The Central Bureau of Statistics and the Galilee Development Authority revealed Wednesday that the number of Jewish residents in the Galilee area is decreasing.
The CBS and GDA, along with the Jewish Agency, published their annual northern-Israel population
report recently, stating that during 2006, out of the 1.2 million residents in the Galilee area some 53.1% were of various minorities, while only 46.9% were Jewish.
Tuesday's Galilee Conference served as a reminder of the government's ongoing lack of interest in the area, as to the dismay of the heads of the GDA neither Prime Minister Ehud Olmert nor Finance Minister Ronnie Bar-On agreed to attend, sending only Jacob Edery, Minister for the Development of the Negev and Galilee and Education Minister Yuli Tamir, to represent the government.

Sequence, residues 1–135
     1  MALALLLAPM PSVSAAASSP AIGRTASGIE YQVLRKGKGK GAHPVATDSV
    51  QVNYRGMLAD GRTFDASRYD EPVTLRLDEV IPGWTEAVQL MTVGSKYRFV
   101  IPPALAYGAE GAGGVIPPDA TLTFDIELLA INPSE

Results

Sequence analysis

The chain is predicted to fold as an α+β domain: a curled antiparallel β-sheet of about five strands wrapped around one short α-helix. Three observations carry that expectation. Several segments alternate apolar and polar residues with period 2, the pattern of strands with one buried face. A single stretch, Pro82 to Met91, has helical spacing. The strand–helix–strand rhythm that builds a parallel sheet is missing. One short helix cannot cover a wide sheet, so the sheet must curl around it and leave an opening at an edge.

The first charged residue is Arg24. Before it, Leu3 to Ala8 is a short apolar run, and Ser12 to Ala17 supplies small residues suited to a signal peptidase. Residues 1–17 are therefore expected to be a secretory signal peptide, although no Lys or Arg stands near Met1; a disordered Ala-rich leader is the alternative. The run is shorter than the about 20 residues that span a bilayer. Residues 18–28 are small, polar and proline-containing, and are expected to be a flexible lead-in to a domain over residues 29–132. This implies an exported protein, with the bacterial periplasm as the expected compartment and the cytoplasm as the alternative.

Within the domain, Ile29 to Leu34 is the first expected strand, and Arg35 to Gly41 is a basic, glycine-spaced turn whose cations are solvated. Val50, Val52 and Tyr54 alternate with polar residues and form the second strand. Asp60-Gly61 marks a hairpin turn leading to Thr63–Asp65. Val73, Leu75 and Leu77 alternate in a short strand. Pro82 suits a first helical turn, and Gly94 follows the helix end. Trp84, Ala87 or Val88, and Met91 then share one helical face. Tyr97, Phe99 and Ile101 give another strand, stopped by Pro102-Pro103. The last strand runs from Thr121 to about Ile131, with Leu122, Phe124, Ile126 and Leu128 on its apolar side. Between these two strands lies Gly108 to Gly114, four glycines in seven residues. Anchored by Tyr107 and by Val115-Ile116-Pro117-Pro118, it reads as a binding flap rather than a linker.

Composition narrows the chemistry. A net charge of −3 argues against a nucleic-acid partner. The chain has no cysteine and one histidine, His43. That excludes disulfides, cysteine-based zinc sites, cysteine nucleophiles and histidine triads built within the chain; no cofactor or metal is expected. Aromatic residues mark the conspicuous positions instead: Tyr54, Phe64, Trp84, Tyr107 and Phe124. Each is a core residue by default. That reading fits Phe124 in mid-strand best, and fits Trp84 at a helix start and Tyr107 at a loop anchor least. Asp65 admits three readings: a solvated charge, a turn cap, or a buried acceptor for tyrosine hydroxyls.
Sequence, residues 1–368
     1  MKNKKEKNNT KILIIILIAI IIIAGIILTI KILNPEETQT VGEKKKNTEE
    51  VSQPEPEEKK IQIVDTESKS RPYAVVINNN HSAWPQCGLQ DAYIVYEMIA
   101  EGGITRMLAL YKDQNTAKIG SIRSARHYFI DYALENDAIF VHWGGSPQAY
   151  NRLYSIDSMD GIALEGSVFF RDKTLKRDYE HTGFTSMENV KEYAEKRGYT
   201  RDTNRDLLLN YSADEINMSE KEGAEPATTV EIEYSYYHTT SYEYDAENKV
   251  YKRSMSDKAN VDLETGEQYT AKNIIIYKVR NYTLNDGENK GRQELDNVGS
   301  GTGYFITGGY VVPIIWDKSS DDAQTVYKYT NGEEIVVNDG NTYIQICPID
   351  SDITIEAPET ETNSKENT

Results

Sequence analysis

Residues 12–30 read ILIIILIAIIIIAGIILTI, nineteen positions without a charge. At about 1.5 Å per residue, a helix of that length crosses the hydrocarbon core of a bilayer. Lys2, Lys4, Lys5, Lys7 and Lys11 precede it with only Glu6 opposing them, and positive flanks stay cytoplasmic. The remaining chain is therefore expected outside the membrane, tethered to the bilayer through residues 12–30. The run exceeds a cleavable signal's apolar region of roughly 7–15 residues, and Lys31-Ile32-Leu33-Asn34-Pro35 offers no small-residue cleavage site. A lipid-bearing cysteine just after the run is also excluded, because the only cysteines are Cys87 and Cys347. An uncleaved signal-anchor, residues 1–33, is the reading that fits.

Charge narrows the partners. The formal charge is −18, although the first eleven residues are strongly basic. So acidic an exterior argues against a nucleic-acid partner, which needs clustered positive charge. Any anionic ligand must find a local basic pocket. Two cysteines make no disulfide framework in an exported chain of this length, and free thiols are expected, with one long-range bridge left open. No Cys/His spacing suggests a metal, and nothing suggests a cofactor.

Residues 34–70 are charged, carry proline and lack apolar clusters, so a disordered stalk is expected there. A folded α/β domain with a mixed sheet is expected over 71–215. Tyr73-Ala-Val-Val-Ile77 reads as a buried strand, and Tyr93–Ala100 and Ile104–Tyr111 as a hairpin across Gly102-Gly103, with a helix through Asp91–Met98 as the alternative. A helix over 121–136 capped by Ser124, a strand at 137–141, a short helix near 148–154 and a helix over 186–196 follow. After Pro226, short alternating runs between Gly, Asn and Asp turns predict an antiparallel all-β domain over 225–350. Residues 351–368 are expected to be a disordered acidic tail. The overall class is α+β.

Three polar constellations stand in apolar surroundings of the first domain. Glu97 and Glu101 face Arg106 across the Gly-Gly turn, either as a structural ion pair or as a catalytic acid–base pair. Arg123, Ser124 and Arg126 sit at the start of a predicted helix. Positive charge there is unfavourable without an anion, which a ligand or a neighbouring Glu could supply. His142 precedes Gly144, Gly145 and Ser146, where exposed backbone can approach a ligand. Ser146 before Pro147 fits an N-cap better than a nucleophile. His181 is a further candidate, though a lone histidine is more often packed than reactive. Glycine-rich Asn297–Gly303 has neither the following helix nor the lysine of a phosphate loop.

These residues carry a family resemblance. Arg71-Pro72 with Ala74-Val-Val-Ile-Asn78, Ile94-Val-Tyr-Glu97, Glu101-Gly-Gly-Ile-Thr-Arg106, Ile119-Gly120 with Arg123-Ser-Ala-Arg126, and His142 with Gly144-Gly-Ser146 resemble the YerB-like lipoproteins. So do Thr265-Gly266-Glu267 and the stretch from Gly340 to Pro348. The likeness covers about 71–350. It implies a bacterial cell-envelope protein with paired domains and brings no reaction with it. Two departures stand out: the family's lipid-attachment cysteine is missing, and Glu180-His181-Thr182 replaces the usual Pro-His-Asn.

According to data presented in the conference, while many polls show that the Israeli public believes the quality of life in northern Israel is one of the highest in the country, they also believe job opportunities are scares and so they prefer to stay in central Israel.
The lack of government investments in infrastructure in smaller Arab towns, lead many to relocate to northern cities, said the conference's panels; citing data showing, for example, that the northern city of Carmiel now has 8% to 10% non-Jewish population and Upper Nazareth has some 15%.
"I can't say I agree with the data, but nevertheless we have to do everything we can to boost Jewish population in the Galilee," Minister Edery told Yedioth Ahronoth.
"Some 80% of the Jewish population lives in central Israel, while, 80% of the Arab population lives in the Negev and the Galilee," said Prof. Rasem Khamaisi of Haifa University.
"The only real way to overcome this situation is to stop speaking about the Judaization of the Galilee and start speaking about the globalization of the area."
Itamar Eichner contributed to this report